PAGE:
This week in the New York TImes Jeff Gordiner wrote interesting piece on Laurie Colwin. She is, unsurprisingly, one of my favorite authors though I may be in the minority in that I enjoy her fiction as much as her food writing. Truth be told, there's a lot of food in her fiction and having spent my high school years in the eighties in New York City I found her writing to be very true to life as I knew it. It was fresh and unique with a distinct voice as all the best writing often is. Now I have bookcases full of food writing and still Home Cooking and More Home Cooking are among those that I reach for the most.
In my younger days I was a huge fan of James Beard and MFK Fisher. I bought The Art of Eating when I was working at Metropolitan Museum of Art one Christmas season. I managed to find quite a few great cookbooks in the stores there but MFK was by far my best purchase. I read it over and over again and it seemed to embody the kind of writing I most enjoyed. Autobiographical, food-centric, and slightly eccentric. Each book in the series was clearly written in her voice and yet there were distinct variations in style and tone, time and space. She also wrote a tiny bit of fiction and I greatly enjoyed her novel Not Now but Now, and it sits alongside her other books on my shelf. James Beard's Delights and Prejudices is still a favorite and though it may have been years since I last cracked the cover I can close my eyes and conjure up stories of summertime in Olympia, French markets, sand tarts, curries, and Dungeness crab.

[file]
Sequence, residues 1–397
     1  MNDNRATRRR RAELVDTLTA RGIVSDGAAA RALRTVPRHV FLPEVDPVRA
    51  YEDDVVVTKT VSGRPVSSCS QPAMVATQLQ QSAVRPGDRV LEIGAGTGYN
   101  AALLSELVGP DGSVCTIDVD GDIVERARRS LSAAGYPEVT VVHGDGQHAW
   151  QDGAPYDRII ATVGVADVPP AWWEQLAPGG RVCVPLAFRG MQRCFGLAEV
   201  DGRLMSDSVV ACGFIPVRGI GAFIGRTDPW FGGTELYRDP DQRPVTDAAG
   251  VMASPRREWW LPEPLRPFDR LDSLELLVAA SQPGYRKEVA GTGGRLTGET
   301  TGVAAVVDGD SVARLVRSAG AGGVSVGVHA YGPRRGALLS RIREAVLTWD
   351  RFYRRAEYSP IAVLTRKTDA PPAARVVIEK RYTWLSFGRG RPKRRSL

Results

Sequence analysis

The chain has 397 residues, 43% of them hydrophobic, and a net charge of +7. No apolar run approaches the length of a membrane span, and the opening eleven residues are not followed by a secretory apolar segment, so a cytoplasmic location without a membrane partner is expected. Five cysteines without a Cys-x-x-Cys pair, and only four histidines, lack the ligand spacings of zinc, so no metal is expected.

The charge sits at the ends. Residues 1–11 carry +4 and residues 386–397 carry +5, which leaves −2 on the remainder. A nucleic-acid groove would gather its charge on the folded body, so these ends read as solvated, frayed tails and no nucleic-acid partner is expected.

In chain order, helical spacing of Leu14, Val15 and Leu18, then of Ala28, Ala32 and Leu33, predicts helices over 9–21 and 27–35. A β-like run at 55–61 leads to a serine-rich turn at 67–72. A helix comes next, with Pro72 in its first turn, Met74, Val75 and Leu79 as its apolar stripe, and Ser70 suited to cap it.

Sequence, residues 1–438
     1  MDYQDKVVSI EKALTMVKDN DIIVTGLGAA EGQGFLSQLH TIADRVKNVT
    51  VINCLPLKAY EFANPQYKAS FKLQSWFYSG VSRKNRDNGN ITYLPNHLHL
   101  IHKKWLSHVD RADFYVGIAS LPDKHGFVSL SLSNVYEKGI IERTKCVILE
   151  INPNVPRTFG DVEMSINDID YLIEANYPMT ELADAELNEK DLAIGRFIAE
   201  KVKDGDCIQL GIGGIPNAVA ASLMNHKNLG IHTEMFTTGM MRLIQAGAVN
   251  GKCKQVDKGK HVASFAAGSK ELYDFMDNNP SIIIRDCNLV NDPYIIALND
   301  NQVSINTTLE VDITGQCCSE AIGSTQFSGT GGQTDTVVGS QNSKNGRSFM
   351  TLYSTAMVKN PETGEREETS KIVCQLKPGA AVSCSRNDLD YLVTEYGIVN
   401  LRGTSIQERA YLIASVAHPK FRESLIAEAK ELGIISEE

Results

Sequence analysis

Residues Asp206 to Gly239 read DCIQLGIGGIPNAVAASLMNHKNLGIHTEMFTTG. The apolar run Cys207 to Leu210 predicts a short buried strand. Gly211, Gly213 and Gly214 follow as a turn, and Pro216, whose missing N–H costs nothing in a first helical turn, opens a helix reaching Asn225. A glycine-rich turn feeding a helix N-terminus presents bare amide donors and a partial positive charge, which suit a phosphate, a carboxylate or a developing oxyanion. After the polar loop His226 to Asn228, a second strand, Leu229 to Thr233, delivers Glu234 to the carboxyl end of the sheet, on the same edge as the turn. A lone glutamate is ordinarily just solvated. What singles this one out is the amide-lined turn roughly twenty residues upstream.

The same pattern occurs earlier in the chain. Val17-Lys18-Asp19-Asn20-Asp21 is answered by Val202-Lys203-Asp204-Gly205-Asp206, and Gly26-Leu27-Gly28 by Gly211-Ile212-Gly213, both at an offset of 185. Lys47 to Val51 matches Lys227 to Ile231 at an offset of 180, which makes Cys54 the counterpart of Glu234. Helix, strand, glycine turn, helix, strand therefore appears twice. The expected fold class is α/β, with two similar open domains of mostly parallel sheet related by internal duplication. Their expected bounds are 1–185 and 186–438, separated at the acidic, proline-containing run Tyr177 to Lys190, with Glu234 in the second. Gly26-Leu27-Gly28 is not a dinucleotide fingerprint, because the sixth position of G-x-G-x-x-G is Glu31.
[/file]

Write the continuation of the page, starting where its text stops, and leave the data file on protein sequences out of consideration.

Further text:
John Thorne was my go to for developing opinions and learning to cook on my own. His stories embody a journey of culinary evolution. Not in a fancy or snooty way, just the stories of an opinionated cook who often finds cooking and eating to be a solitary pleasure. He has both a website and a newsletter and his books are an extension of these. Some of his most popular pieces are on breakfasts and midnight snacks. These are highly personal meals that we may never want to recreate ourselves but then we all have our secret passions and strange meals that we enjoy most when we are alone. John Thorne invites us into his world without imposing his ideas upon us. Recipes are given but there's no pressure to run to the kitchen or follow them exactly. Instead they are a natural unfolding of whatever story they originate from.
Growing up with a Jewish uncle I was especially fond of books describing Jewish food. There's a whole culture to the cuisine, similar to what we see in Southern food writing, another favorite of mine. From My Mother's Kitchen by Mimi Sheraton was a keeper comfort read. Her voice is clear and informative as she matter-of-factly explains her mother's preferences in the kitchen and her own variations. It is as much a story about their relationship as it as about the food. Perhaps that's what makes the very best comfort reads, they give you something to relate to and something you can build upon for yourself. Of course these few books are just the tip of the iceberg. I could go on for days but instead I'll leave you here, so I can go curl up with a good book.